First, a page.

Tip 8: Use a separate towel for your hair – the towel that you'll rub your hair against with should be really dry. Using the same towel you used to dry your other body parts won't exactly help. Plus, the risk of spreading bacteria from your other body parts to your hair is high.

Tip 9: Have a balanced diet and exercise – aside from giving the hair a healthy glow and making it stronger, a balanced diet would also mean that the oil from the scalp will also be produced regularly. Fatty fish such as salmon and mackerel, almonds, milk, potatoes, poultry, and beans are just some of the best foods to consume. Exercise can help, too, as the exercising will enable the pores in the scalp to flush out excess oils, replacing these with new scalp oils for better nourishment.

Tip 10: Avoid braiding or ponytailing it right away – this will give your hair strands no room to breathe, and it'll make the spread of the residue easier strand after strand. Plus, it would feel really, really uncomfortable.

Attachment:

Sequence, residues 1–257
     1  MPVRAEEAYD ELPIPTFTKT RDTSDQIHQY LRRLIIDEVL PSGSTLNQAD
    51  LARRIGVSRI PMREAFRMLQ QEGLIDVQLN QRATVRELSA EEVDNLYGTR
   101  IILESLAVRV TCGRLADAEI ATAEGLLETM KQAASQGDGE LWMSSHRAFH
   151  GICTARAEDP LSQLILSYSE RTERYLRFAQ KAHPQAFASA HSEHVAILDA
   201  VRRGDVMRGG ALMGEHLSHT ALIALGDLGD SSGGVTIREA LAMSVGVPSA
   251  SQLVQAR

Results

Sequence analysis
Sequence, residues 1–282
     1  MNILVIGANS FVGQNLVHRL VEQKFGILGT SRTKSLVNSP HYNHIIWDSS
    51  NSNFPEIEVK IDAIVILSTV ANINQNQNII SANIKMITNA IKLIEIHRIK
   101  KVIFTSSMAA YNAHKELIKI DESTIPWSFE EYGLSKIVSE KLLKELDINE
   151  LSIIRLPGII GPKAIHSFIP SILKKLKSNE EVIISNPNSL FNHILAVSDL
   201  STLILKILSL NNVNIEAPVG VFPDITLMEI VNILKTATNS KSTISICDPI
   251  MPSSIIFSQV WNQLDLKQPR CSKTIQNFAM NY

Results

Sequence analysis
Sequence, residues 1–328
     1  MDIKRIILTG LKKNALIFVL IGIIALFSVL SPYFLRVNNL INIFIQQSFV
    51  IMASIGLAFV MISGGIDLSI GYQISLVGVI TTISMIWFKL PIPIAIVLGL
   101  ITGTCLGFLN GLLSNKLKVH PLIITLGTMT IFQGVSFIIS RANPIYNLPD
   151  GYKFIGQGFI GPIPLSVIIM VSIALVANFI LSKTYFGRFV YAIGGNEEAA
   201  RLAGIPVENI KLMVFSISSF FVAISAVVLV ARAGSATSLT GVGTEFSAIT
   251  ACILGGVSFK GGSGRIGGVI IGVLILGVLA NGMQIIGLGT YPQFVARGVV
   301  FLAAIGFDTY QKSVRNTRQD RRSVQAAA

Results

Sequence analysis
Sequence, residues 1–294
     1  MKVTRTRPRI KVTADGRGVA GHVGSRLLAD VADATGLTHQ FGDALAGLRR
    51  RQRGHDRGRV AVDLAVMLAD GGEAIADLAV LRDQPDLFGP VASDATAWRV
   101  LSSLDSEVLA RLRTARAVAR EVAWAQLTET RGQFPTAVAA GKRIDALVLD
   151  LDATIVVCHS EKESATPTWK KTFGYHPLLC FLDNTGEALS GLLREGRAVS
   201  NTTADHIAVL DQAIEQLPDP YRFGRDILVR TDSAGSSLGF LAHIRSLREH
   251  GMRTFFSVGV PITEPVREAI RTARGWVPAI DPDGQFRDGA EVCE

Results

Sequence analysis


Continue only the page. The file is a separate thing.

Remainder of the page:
Despite these reminders on how to dry hair fast, the real key is to allocate time for drying your hair out the natural way. It is best to allocate around 30-40 minutes in totally drying it out, which means that one has to wake up early and be able to manage his time efficiently. Cutting one's hair short is also a good idea, just as long as s/he is comfortable with it.

Aside from these tips on how to dry hair fast, one must also check if the right hair products are being used. Some hair products may be removing the oils away from the hair and the scalp, making the absorption of the water residue easier, and its release harder.

For some, however, having a wet-hair look is very ideal. They do not need to know how to dry hair fast because they believe that they look better with shiny, messed-up coifs. While this can be a conscious choice, those who frequently style their hair using water should be cautious as to how it could damage hair strands (e.g. if the water isn't clean) aside from the fact that the styling doesn't even last longer than 3 minutes. Plus, an always-wet hair will make it easier for the hair to catch bacteria and may even contribute to the person catching some airborne illnesses, e.g. colds.

If for some reason, however, that your hair feels unusually wet or greasy even if you're out of the shower, consult your doctor.

So now you don't have to worry about messing things up with wet hair. The only time you should enjoy your wet hair is when you're taking a shower or if you're dancing in the rain with a special someone. Otherwise, keep it dry; you never know the kind of situation you might be in the next time.